Wall Street gets a bad rap. Much of it is deserved. But not necessarily for the reasons you might expect.
You see, to many, Wall Street’s suit-clad warriors appear to be nothing more than money-sucking leeches… draining the pockets of Americans’ hard-earned dollars through their fees, commissions and kick-backs.
Whether this is a fair characterization or not, Wall Street’s worst give haters plenty of ammo. Martin Scorsese’s The Wolf of Wall Street epitomized the greed-driven, ethics-bending (and raunchy) culture of 1990s Wall Street.
The film grossed nearly $400 million at the box office, giving Scorsese his biggest “winner” to date while confirming that people, in general, love a good villain.
“Is that really what it was like?” my wife asked me, after we watched the movie.
Upon realizing she was not being sarcastic, I replied: “Yup… still is, to some extent.”
Sure, Wall Street is now more heavily regulated than it was during Jordan Belfort’s golden years. But is that enough?
A long scroll of instant message conversations confirmed the manipulation was coordinated by many Wall Street insiders. And the most arrogant of the bunch even went as far to pontificate:
“If you ain’t cheating, you ain’t trying.”
You get the picture… this is the “worst of the worst” of Wall Street’s notoriously bad actors.
But there’s another, less overtly sinister aspect of this story.
“What’s good for me is…”
Dan Ariely, Ph.D. is a psychology and behavioral economics professor at Duke University. His extensive research on dishonesty provided the framework for a newly-released documentary titled Dishonesty: The Truth About Lies.
Basically, Dr. Ariely concluded that “dishonesty is almost always caused by a conflict of interest.”
When such conflicts arise, it’s common to want to please both sides of the situation, even when that’s impossible.
The “right” thing to do is to respond with complete honesty. Sure, you might not get what you want, but at least you were honest.
But that’s an uncomfortable scenario for many. So the natural defense mechanism, of some, is to lie… to tell both parties: “Don’t worry… I’ll give you both exactly what you want… there’s no conflict here…”
Whatever justification the liar provides may be well-intentioned. They don’t want to hurt either party’s feelings or interests… but it’s still a lie.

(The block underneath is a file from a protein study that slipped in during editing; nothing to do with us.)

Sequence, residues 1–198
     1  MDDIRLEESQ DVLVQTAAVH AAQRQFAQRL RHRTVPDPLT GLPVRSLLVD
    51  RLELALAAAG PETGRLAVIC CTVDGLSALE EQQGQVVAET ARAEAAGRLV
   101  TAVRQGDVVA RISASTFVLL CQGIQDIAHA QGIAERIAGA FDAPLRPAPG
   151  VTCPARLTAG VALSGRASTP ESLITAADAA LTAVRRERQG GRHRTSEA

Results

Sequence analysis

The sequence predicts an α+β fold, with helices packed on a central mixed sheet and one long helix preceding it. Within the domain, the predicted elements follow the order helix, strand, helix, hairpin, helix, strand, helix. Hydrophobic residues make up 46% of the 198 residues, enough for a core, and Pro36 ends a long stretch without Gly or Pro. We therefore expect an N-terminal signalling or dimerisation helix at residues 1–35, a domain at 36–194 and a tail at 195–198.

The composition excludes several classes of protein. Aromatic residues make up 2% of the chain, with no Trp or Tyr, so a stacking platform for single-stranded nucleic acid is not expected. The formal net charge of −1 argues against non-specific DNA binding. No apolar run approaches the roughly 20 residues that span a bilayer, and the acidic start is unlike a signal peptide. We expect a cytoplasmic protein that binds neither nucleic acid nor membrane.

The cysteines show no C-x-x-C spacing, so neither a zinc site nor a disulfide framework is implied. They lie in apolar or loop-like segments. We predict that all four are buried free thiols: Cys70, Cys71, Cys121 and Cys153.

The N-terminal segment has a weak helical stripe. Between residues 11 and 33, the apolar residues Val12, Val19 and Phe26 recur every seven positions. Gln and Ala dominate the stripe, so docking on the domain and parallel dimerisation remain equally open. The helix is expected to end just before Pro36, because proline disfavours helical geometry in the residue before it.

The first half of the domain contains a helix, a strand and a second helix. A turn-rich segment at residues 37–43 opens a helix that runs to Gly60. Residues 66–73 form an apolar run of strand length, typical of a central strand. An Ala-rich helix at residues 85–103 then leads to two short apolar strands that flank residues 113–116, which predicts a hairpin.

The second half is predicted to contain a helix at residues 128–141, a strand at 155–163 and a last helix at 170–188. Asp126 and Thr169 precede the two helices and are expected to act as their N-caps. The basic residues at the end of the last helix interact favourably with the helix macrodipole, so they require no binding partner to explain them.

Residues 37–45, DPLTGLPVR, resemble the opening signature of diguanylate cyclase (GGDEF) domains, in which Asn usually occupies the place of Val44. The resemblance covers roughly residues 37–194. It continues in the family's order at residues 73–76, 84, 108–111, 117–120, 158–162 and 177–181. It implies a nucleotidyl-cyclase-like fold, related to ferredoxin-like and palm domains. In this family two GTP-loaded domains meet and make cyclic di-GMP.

As I see it, this construct might work well to explain the oft-cited disconnect between “Wall Street” and “Main Street” — outside of Wall Street’s most purposeful and villainous cheats.
You see, I actually believe that a majority of individuals who work in the Wall Street machine are good people.
They’re ambitious and hard-working. They’re analytical and detail-oriented. They’re problem-solvers!
These traits, in and of themselves, are good things. And when focused toward a respectable goal they can produce great, meaningful results.
The problem comes when Wall Street’s goal is not well-aligned with investors’ goal… a la conflicts of interest.
Arguably, regulators have tried their hardest to properly align the interests of investors and Wall Street.
For instance, Registered Investment Advisors (RIAs) are held to a higher standard than brokerage firms, in that they have a fiduciary duty to their clients. This means they must act solely in their client’s best interest.
Fiduciary duty prevents these advisors from putting clients into a high-fee product, when a low-fee product is more suitable for the client.
That’s a great start… but I believe individual investors need to take one additional step to ensure they’re in a “no conflicts” relationship with their investments.
To be frank, this final step requires a fair amount of trial-and-error… and a great deal of work and determination.
What is this step?
Simply put: As an investor, you have to “find yourself.”
By this, I mean you must clearly define who you are as an investor.
Are you aggressive or conservative?
Are you looking for income or capital appreciation?
Do you believe in diversification, or concentrated investments?
How do you react to losses? Do you have discipline, or are you quick to panic?
How much time can you make available to actively manage your portfolio?
There are dozens of questions like this. The point is, only YOU can decide what will work for YOU.
Personally, this is a journey I’ve been trekking for years…
I’ve learned I’m more successful operating “systematic” strategies than discretionary ones.
I’ve learned I’m better as an active trader than a passive investor.
I’ve learned I get better results when I’m able to quantify my probability of success, rather than assume my subjective feelings are a reliable gauge.
All told, I’ve learned — through the process of trial-and-error — what works for me (and what doesn’t).
To bring this home… my message today is simple: Take ownership of your investment strategy.
Make the commitment to figure out what works for YOU, because only you can determine that.
Wall Street — whether villain or saint, biased or unbiased — can’t tell us the investment strategy best suited to you.
And in many ways… this is the ethos of Dent Research.
Our goal is to offer you a wide variety of unique investment strategies. We do this because we know that not every investment strategy will be a “perfect fit” for every investor. It isn’t necessary.
If we can provide an environment in which you can explore a number of approaches, allowing you to ultimately settle on a few that are well-suited for YOUR needs… then we’ve met our goal.
And I promise you this… once you’ve found an investment approach that fits you like a glove, you’ll be too successful to bother worrying about the wolves on Wall Street… and you’ll no longer feel like the sheep.